We all need to continue to step up, particularly those of us who are not health-compromised and who are under 70 as we still appear to have the greatest chance to survive if we catch this virus. We certainly must help protect those with the smallest chance to recover from it. Our actions, too, will determine whether they will fall ill or not.

25-year-old John may not be ill and may not even be infected, but he can still pass the virus on to 27-year-old Jimmy who can pass it on to his brother who can pass it on to his fiancee and her brother and to his mother who can pass it on to her dad or her neighbour or both – and even more people. And they can all fall very seriously ill.

One possible sign to watch for? If you notice that your sense of taste or smell suddenly seems to have disappeared (in the absence of allergies or sinusitis). Some people can’t even smell onions or garlic any longer. If that happens, you are likely an asymptomatic carrier of the virus at that point – infecting other people – according to the information in the article below.

That means that you should self-isolate for 14 days (not 7) and, in any case, avoid all contact with the over-70s and with health-compromised people.

If you do not lose your sense of smell or taste, you can still be an asymptomatic carrier and infecting other people, however!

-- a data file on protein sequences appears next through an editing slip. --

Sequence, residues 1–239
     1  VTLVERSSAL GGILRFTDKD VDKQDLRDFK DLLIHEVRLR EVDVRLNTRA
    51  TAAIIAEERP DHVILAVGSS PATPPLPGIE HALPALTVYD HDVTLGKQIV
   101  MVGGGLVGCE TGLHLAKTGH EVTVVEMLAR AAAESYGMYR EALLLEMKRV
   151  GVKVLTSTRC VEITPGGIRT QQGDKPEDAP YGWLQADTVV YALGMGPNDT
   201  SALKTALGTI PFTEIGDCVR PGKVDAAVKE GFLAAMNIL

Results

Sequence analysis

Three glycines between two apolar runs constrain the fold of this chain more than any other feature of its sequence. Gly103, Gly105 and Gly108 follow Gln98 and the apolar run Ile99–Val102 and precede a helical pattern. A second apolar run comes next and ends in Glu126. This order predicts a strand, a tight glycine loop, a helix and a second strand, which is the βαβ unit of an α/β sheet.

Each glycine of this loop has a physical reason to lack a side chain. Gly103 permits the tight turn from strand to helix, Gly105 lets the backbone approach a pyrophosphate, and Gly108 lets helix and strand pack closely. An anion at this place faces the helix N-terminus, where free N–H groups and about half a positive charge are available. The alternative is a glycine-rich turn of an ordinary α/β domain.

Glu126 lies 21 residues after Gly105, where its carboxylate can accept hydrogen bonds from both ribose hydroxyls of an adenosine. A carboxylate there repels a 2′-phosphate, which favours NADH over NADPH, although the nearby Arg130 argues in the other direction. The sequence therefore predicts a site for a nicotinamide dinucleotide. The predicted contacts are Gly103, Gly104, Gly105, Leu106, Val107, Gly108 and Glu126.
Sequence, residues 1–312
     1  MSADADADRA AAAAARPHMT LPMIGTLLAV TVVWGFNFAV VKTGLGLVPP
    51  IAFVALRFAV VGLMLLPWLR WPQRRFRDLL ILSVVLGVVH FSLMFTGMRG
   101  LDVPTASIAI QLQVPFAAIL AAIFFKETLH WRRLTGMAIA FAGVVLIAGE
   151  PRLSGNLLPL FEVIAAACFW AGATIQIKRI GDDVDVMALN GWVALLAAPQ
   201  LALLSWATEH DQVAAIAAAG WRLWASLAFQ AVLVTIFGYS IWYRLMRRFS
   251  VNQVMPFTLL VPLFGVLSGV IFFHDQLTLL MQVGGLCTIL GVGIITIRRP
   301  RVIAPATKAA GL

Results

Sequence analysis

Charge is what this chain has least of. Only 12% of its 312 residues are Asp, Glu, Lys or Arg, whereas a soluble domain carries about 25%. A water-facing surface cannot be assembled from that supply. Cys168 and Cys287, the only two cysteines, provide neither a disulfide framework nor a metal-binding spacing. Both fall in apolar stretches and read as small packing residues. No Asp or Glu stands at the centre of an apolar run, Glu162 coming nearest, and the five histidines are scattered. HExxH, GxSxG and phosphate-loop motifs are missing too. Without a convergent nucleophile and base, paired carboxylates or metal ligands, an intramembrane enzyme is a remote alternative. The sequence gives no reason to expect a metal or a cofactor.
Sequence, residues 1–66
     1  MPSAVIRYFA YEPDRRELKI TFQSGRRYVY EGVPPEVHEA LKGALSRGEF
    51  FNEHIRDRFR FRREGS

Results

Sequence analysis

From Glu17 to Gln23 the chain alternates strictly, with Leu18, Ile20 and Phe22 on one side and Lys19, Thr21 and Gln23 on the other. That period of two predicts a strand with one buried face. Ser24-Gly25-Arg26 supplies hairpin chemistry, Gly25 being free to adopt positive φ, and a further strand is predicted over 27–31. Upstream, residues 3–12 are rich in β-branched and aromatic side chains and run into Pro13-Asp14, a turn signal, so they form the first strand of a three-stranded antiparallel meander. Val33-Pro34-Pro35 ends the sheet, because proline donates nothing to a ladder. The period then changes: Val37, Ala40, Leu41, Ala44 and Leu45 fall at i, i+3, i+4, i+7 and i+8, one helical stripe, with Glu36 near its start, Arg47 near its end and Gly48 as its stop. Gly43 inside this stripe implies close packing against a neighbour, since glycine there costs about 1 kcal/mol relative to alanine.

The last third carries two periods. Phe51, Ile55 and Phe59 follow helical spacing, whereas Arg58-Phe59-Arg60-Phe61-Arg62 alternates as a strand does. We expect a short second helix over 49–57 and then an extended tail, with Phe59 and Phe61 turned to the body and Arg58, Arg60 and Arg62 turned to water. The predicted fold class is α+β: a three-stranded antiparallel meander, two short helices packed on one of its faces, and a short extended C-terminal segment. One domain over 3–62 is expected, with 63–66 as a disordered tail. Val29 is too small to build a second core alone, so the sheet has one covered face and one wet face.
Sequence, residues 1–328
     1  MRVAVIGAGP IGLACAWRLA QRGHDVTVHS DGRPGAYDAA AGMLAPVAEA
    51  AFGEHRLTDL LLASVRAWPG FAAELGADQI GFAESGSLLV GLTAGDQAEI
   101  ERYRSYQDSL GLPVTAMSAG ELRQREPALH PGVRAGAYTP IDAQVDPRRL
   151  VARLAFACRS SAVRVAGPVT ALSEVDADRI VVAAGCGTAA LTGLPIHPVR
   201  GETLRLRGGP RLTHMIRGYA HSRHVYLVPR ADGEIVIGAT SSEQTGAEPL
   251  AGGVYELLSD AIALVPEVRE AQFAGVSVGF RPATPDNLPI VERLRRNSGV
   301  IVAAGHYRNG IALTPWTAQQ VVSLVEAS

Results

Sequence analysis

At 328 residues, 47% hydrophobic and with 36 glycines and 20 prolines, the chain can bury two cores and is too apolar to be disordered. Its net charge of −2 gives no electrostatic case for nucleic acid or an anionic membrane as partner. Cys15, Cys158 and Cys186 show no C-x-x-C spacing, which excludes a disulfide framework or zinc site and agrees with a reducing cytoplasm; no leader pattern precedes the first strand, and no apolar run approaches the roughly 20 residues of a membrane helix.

You do not have to be sneezing and coughing to be infected with the virus. You can be infected and go around infecting other people without having any symptoms yourself.

All of this is why we all have to respect that 2-metre distance, must avoid touching our face and wash our hands well when we come home.

What’s more, what we do as individuals also is going to determine how long this lock-down will have to last. Because this virus needs to be IN us, humans, in order to stay alive and keep replicating (multiplying, growing, have little baby viruses).

Let’s start with looking at my own situation. I may have the virus on my hands one day or even carry it in my body. Who knows.

  • I work from home so my risk of catching and spreading anything is and has been quite low, also because of the way I’ve been living in England.
  • I live in a small building with four other residents who are half my age. As far as I know, none of them are health-compromised; one of them used crutches for a short while and that’s it. So I do not have to worry too much about infecting someone in my immediate surroundings. (keep reading)
  • If I had an 80-year-old neighbour, I would stay away from him or her and refrain from handling any packages or other post for her or him and I might take care not to touch any surfaces in the staircase and wipe them down often. I certainly wouldn’t talk to him or her, unless through a closed door or while I wear a mask. To avoid accidentally infecting him or her.